The New Israel Fund campaign launch for 2005 last night was quite a smart affair, set in the rather grand surroundings of the Royal Aeronautical Society. It kicked off with their campaign film, which showed the good work being done by many NIF partners. The film was impressive and reinforced my belief that NIF does a vital job in getting funds to grassroots and community-based organisations working to improve social and economic conditions in Israel. According to the website
NIF works in three areas: fighting for civil and human rights, promoting religious tolerance and pluralism, and closing the social and economic gaps in Israeli society
and they focus on self-help organisations to take the fight forward in these three areas. So that was good, and I think everyone should consider supporting them.
The speaker was a disappointment, though. They put up David Horowitz, the new editor-in-chief of the Jerusalem Post. British by birth and obviously very bright, he was described to me by NIF people before the meeting as a new broom at the JP, which under Conrad Black has swung far far to the right. Now with Black disgraced and the JP under new ownership, there’s a chance to remake its image. Unfortunately, to judge by Horowitz’s talk the change is unlikely to be very exciting. Although he didn’t come over as a party loyalist, his politics seemed to be firmly in the Israeli centre-right. For me, the key to his talk was his observation that the root of the problem is terrorism. I don’t expect much useful insight from someone who starts from that point, and I didn’t get it. Well, maybe one useful point: that a key element of stiffening Israeli opinion in the second intifada has been the attacks against civilians inside the 1948 borders. The attack on Maxim’s, the Haifa restaurant that was such an great example of coexistence in action, seems to carry a message to Israelis that the attackers consider everyone in Israel a combatant to be defeated. But condemning attacks like that is far from the same as saying that terrorism is the starting-point for understanding the conflict.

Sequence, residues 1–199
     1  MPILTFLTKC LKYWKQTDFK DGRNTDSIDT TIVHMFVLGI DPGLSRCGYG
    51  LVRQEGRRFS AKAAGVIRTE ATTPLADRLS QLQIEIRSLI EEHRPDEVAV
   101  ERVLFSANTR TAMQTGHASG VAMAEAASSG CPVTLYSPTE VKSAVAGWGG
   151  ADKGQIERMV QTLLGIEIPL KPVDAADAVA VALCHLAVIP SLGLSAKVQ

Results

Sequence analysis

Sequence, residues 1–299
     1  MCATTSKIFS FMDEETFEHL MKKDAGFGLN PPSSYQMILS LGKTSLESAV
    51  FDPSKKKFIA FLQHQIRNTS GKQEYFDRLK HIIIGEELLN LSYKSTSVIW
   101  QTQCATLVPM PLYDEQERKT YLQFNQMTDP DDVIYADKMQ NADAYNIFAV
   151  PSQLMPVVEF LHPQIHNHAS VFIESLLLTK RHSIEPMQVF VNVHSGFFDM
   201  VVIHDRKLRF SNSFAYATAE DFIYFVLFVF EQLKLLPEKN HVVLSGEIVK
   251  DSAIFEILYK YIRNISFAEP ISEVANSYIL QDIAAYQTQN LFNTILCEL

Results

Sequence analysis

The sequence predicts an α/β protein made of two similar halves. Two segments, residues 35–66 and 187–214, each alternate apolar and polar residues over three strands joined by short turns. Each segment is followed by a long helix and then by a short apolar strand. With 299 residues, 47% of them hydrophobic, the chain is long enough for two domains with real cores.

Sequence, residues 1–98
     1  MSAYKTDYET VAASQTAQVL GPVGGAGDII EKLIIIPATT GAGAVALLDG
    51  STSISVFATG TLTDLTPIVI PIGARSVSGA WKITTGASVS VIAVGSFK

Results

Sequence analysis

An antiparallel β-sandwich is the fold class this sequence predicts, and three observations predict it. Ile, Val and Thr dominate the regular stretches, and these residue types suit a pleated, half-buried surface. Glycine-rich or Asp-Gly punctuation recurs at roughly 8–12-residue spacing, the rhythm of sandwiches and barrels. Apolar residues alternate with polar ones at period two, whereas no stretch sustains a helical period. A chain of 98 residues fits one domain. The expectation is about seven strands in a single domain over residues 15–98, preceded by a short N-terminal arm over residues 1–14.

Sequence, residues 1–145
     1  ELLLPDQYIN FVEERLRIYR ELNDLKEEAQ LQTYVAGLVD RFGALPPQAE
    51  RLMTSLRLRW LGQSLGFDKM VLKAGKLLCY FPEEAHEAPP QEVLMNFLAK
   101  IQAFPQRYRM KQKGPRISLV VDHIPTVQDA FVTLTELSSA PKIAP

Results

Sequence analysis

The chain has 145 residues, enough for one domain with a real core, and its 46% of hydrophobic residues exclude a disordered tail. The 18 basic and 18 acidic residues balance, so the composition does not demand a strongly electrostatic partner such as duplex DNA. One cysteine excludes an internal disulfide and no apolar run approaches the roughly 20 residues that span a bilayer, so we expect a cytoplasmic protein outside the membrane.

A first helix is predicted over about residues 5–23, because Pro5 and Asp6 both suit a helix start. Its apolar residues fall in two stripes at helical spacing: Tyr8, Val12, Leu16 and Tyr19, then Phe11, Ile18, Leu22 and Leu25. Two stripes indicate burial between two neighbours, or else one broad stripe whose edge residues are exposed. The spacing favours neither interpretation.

More interesting than the speaker was the response from the audience, which wasn’t sympathetic to his viewpoint. Most interesting of all were the ex-IDF people who often appear at meetings like this. If they have served in the Territories, what they usually say is how dehumanising they found it, and how damaging is the situation of power that teenage soldiers have over all aspects of the life of ordinary Palestinians. That’s what the ex-soldiers in the audience said last night.